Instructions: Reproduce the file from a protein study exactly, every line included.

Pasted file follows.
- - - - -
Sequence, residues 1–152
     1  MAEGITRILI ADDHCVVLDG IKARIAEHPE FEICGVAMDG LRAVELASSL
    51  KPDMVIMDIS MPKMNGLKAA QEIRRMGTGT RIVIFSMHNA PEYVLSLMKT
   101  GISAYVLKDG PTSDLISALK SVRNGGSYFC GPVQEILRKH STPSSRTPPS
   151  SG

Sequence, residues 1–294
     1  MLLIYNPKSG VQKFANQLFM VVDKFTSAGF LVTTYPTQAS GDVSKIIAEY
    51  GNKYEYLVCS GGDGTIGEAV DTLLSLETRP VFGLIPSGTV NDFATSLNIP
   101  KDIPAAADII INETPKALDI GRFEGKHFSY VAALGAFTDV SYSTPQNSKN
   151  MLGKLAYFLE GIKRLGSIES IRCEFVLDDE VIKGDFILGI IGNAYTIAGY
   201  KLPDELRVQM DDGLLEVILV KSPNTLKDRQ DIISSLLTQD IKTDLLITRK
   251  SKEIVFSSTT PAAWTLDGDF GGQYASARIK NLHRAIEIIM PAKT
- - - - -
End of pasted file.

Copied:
Sequence, residues 1–152
     1  MAEGITRILI ADDHCVVLDG IKARIAEHPE FEICGVAMDG LRAVELASSL
    51  KPDMVIMDIS MPKMNGLKAA QEIRRMGTGT RIVIFSMHNA PEYVLSLMKT
   101  GISAYVLKDG PTSDLISALK SVRNGGSYFC GPVQEILRKH STPSSRTPPS
   151  SG

Sequence, residues 1–294
     1  MLLIYNPKSG VQKFANQLFM VVDKFTSAGF LVTTYPTQAS GDVSKIIAEY
    51  GNKYEYLVCS GGDGTIGEAV DTLLSLETRP VFGLIPSGTV NDFATSLNIP
   101  KDIPAAADII INETPKALDI GRFEGKHFSY VAALGAFTDV SYSTPQNSKN
   151  MLGKLAYFLE GIKRLGSIES IRCEFVLDDE VIKGDFILGI IGNAYTIAGY
   201  KLPDELRVQM DDGLLEVILV KSPNTLKDRQ DIISSLLTQD IKTDLLITRK
   251  SKEIVFSSTT PAAWTLDGDF GGQYASARIK NLHRAIEIIM PAKT